In The Woman Who Would Be King, currently showing at Alexander Upstairs, you don’t only meet Hatshepsut, the first female pharaoh, but you also meet Esosa E, the talented powerhouse that bring her to life on stage.
In this one woman play, Esosa E effortlessly switches between not one, not two, but 11 characters with but the subtle movement of a scarf. Of these characters, the men perhaps resembled each other to some extent, but her female characters each definitely carry themselves as strong individuals with even distinguishable vocal registers which made them all brilliantly unique in delivery and style.
The story of Hatshepsut, the dreamer who idealised her father’s strength as the people’s leader, who aspired to break free of the stereotype of women as secondary, merely subserviently supportive queens to the real rulers, sits well as a ‘historic’ story that still rings true in a modern age. Reminding that even when history tries to chisel away the memory of the first true equal-status activists, their survivor spirit lives on, and leaves a mark that can’t be erased.
From the moment she takes the stage, Esosa E beautifully captures the essence and spirit of Hatshepsut, again showing that a true storyteller does not need smoke and mirrors to make a play impressive. With minimal props and an unembellished set, she through mere skill and technique sketches a technicolour scene of the Eighteenth dynasty of Egypt that I can still see in my mind’s eye long after having left the theatre. That is the power of theatre done with commitment and vision… it lives on long after the curtain call.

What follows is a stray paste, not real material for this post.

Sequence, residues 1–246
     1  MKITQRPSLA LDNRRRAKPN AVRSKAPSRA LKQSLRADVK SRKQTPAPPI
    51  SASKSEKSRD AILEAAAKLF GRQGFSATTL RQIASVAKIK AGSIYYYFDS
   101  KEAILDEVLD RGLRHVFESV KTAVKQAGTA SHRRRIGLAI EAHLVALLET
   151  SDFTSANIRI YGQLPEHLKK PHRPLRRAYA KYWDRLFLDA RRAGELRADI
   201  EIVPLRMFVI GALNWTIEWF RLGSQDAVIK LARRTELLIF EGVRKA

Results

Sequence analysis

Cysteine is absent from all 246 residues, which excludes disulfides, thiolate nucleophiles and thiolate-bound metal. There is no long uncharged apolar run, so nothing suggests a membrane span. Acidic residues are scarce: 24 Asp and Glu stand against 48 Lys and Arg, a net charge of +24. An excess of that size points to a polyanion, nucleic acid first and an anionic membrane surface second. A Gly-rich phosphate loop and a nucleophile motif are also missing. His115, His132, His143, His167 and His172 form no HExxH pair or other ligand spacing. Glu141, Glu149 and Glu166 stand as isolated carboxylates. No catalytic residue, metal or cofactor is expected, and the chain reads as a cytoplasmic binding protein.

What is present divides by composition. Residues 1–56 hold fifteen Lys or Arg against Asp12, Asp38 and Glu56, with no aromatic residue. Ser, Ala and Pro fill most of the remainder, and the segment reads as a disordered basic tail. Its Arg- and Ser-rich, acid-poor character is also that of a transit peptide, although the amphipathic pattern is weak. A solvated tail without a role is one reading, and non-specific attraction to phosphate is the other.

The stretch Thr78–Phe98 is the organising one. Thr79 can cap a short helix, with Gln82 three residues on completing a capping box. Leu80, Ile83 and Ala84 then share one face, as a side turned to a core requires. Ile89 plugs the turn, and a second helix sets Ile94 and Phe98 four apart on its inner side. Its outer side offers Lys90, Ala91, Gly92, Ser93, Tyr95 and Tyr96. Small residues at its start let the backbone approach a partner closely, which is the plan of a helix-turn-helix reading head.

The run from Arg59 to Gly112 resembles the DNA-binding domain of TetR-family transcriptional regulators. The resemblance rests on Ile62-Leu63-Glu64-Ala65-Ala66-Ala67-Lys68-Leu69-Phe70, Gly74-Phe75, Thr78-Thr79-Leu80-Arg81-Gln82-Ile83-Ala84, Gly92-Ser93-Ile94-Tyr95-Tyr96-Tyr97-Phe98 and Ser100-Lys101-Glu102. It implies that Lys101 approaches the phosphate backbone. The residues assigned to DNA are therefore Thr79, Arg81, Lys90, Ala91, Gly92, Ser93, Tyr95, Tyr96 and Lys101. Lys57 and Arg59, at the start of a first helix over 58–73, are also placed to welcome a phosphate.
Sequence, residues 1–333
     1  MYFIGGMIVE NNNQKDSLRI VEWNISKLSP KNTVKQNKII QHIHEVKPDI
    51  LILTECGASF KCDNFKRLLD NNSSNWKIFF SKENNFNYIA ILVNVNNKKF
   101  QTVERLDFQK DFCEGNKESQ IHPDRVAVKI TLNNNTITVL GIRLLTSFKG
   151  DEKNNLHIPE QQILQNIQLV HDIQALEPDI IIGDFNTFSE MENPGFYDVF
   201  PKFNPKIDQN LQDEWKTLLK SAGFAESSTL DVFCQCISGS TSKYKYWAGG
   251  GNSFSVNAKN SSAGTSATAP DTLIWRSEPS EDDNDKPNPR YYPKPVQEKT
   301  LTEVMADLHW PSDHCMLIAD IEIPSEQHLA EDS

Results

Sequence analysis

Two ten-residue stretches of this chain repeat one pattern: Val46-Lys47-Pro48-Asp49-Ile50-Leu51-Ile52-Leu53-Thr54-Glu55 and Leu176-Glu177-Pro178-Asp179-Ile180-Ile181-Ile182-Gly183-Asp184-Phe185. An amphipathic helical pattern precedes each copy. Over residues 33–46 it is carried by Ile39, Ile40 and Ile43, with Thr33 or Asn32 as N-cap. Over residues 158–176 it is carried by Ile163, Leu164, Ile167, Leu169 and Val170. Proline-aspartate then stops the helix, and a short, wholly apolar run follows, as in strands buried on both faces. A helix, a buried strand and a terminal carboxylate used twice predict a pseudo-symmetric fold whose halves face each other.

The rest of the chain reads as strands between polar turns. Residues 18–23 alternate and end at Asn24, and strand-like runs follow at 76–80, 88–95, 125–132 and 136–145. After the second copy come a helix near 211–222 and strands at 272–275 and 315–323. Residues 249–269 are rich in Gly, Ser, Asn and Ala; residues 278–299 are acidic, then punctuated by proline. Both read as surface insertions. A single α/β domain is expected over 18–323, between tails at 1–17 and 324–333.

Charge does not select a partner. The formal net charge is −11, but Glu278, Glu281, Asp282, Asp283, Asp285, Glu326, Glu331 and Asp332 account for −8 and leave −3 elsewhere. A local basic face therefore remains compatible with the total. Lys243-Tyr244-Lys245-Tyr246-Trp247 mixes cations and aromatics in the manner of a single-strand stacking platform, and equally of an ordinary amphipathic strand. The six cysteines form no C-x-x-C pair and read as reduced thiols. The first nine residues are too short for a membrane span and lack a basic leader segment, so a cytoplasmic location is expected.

Under the direction of Wynne Bredenkamp, with subtle mesmerising musical tones by composer Tarus Mateen, Esosa E weaves the tale of youth and love lost, but purpose and power (perhaps even respect) gained in such a way that you can understand the struggle of Hatshepsut as she bares all to the audience in her pursuit of her destiny as ordained by the gods.
Talking to fellow patrons after the show, while sipping on Alexander Bar’s delicious cappuccinos, there was absolute agreement: everyone is excited to see Esosa E grow even more into her already impressive stage persona. Cape Town is ready for more Esosa E theatre magic, we hope to see her on stage again soon. But for now, you must all first run and go see her at Alexander Upstairs until 30 April 2016 in The Woman Who Would Be King.